Snotty Nose Rez Kids – “DAMN RIGHT”

As there isn’t a well established indigenous hip-hop scene (yet), it’s hard to pigeonhole Snotty Nose Rez Kids' sound, which arguably is a good thing, Chris Daly writes.
By    November 30, 2022

Snotty Nose Rez Kids/Instagram

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Chris Daly believes we’ve come to an impasse if our issues can’t be resolved through a dance-off.

It’s turning out to be a pretty good year for the Snotty Nose Rez Kids. On the heels of recent singles “TRENDSETTER” and “I’M GOOD,” the Juno Award-nominated, Polaris Prize-shortlisted First Nations duo of Young D and Yung Trybz just dropped “DAMN RIGHT” from their upcoming fifth album, I’M GOOD, HBU?, out December 2 on their own SNRZ label. Riding a wave of critical success and exceedingly larger award recognition, the two are starting to come into their own. The video for “DAMN RIGHT” proves it.

Playing off the line “We Native Beatles, yo,” the video is part montage, part homage to the Fab Four, recreating various album covers, interviews and legendary moments from their career, but with D and Trybz playing the starring roles. While this easily could have been played for caricature, Director Sterling Larose doesn’t go for cheap laughs, instead portraying SNRZ as the Next. Big. Things. And it works. As Larose put it, “The goal of this video was to remix the iconography of the Beatles and make it home for SNRK. A journey through an alternative timeline. This approach allowed us to choose where to be very accurate and where we could reinterpret. It was very fun finding that balance.”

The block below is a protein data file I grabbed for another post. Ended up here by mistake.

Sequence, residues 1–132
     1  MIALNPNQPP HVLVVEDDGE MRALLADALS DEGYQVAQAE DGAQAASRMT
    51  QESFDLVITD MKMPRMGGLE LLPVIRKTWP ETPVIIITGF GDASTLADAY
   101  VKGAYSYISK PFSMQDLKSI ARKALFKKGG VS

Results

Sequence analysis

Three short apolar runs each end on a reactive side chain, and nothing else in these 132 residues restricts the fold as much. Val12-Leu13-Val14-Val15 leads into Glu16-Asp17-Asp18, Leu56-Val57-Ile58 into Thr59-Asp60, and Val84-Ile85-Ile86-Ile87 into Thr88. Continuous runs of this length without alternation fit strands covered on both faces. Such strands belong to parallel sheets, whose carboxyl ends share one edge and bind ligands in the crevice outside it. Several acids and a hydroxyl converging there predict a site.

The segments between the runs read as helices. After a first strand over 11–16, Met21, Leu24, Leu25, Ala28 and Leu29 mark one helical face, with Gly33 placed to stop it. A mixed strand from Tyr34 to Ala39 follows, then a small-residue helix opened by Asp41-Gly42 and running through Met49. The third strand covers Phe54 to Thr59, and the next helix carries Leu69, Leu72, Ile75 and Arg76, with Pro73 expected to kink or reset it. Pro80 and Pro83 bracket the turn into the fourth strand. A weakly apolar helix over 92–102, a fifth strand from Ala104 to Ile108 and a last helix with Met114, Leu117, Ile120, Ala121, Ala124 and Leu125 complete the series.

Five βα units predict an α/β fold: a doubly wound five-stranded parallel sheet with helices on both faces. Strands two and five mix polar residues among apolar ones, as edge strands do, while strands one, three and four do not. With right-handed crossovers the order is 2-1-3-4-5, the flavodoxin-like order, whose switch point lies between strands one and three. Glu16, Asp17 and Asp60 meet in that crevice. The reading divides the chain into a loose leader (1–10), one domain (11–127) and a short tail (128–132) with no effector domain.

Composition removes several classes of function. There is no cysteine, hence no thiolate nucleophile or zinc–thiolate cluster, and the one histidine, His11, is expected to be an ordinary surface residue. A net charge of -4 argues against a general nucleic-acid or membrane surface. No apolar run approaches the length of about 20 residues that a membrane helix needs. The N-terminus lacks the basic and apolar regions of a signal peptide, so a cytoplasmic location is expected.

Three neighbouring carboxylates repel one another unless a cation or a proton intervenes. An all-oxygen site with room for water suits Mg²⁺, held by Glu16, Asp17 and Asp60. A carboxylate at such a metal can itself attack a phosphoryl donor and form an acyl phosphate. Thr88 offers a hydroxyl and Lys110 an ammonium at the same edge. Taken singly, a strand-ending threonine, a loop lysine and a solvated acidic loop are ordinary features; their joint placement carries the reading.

Tackling everything from haters to Native pride (“My hair too thick, the crown don’t fit, Troy Palumalu flow/ Don’t like it, I love it-love it, you couldn’t pay me to cut it, bro.”), the group’s lyrical dexterity is as strong as their visual acuity. I’m reasonably sure few, if any, bands outside of this one would rhyme “salmon berries” and “dingleberries,” and for this, I salute them, to say nothing of their riff incorporating “supernova,” Hova,” “mimosa” and “Aquaman Momoa.” As there isn’t a well established indigenous hip-hop scene (yet), it’s hard to pigeonhole their sound, which arguably is a good thing. That being said, while they may hail from the Great White North, there are obvious stylistic nods to their Dirty South forebears, with syllables that hit solid while somehow maintaining a slurred approach.

Think Three Six Mafia with clearer annunciation and a different set of priorities.


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